Planning Your Home Purchase With a Mortgage Recast

Often times, seemingly in a fantasyland, home buyers might want to buy their new home first non-contingent on a home sale and sell their retained home shortly after moving into their new one without a financial inconvenience.  They might want to do this to get a better price due to negotiating from a position of strength or it might simply be a matter of logistical convenience.  Whatever the reason, the difficulty arises when they want to use the equity from the home that they’d be selling to achieve a lower payment on their mortgage for their new home.  Most would suggest that can’t happen and that, if they want the lower payment, they’d have to sell their current home first or immediately refinance their new mortgage.  This is incorrect.  It may seem that a buyer like this wants to have their cake and eat it too but the fact of the matter is that they can; by using a mortgage recast.


What is a mortgage recast?

A mortgage customer who already has their loan closed and is currently being serviced can often elect to apply a lump sum of money against their existing principal balance and, rather than simply reducing what they owe on the loan, they end up with a reduced monthly payment.  This is achieved by paying a small fee, usually somewhere between 200 and 500 dollars and the consenting lender and loan servicer will keep the loan term and interest rate the same but by re-amortizing the existing mortgage using the new and reduced loan amount, the resulting payment is less.  In some cases considerably less.  Most lender and loan servicers that offer this have a minimum amount that they require towards the principal balance before they’ll allow it (usually more than 5,000 and often 10,000 dollars or more).

Click here for a sample lender policy on mortgage recasts

How do I use a mortgage recast to plan my home purchase?

Firstly, assume there’s a small down payment on the purchase due to most of the home buyer’s down payment being trapped in the equity of the current home that’s not sold yet.  Therefore, the purchase would need to be structured using conventional financing (as an example) with single premium financed private mortgage insurance to ensure that they buyer won’t end up with a mortgage that has monthly mortgage insurance or a any pricing hit that would come with a higher rate (as would be the case with any other type of PMI that doesn’t charge the borrower on a monthly basis).  This would require at least a 5% down payment on the purchase.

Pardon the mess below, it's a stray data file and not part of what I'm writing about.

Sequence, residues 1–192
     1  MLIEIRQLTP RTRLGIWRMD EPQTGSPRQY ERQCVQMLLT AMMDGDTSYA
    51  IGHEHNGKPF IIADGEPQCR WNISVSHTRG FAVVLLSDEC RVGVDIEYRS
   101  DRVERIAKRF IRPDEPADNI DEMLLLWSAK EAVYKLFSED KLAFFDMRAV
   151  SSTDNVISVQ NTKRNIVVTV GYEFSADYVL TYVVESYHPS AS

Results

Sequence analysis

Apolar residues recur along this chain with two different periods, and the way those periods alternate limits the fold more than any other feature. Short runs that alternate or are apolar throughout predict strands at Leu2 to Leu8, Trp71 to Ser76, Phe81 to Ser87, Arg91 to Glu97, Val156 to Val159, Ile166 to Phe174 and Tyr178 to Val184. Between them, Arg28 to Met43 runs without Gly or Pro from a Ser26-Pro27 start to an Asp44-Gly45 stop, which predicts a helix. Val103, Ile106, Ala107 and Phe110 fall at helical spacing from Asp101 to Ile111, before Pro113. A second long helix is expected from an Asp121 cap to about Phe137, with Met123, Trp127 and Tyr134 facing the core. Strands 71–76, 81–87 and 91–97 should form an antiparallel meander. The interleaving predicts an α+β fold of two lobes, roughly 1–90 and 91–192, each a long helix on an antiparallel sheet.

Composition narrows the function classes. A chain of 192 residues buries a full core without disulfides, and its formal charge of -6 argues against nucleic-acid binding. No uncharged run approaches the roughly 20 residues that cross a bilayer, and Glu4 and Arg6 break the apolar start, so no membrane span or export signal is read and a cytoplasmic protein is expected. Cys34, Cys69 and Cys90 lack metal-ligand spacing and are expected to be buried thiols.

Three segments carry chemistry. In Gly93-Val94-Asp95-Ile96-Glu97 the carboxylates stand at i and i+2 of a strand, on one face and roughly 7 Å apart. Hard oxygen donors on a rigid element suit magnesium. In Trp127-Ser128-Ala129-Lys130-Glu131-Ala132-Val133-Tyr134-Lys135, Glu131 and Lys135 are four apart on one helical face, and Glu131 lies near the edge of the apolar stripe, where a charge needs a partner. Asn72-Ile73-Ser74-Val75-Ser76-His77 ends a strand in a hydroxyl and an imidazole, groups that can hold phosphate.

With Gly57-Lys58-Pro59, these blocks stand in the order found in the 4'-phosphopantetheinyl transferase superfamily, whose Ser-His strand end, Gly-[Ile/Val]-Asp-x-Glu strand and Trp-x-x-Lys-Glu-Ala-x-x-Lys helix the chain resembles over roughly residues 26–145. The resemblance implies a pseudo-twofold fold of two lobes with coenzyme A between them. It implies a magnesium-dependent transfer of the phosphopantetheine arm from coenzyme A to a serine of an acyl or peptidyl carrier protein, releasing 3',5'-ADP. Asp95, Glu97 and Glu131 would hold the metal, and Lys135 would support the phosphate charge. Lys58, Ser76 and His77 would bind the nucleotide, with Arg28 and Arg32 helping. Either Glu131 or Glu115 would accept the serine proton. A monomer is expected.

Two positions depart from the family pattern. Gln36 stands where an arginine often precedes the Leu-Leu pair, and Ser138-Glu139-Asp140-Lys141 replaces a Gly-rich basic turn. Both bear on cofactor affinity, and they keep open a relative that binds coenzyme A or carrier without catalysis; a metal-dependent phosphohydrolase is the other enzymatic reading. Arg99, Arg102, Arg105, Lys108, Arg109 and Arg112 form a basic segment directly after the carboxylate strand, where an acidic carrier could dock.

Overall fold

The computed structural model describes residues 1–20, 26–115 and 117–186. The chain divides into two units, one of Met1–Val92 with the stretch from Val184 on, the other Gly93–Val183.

The best way to illustrate all of this is in an example using some mortgage recast calculators and a hypothetical transaction.  Here are the assumptions for our hypothetical:

  • 300,000 purchase for the new home
  • 100,000 equity from sale of the old home after purchasing the new one
  • Note rate of 4.75 on a 30 year fixed rate mortgage for the purchase of the new home

In this case, the purchase would leave a loan amount of 291,000 dollars after the initial down payment and financed PMI buyout.  Initially, the principal and interest payment using our assumptions would be 1517.99 dollars per month.  Fast forward a few months until the sale of the previous property is concluded and the net proceeds of 100,000 are in hand.  Now, the mortgage recast is requested and the payment would be reset at the new balance of 191,000 and a new payment of 996.35 (over 500 dollars less) and all of this with the security of the same interest rate and no costly refinancing.

­Click here for an amortization calculator for the mortgage before and after the recast

Click here for an interactive recast mortgage calculator where you can run your own scenarios

So when a home buyer is hungry for some cake but can’t find the plate and fork, they should consider a possible mortgage recast in the planning of their purchase and they’ll find themselves well fed.  And all of that with a much smaller bill at the end of the meal.

Charles Dailey – Branch Manager, Loan Officer, Certified Military Housing Specialist – CA DOC, MN DOC & WI DFI


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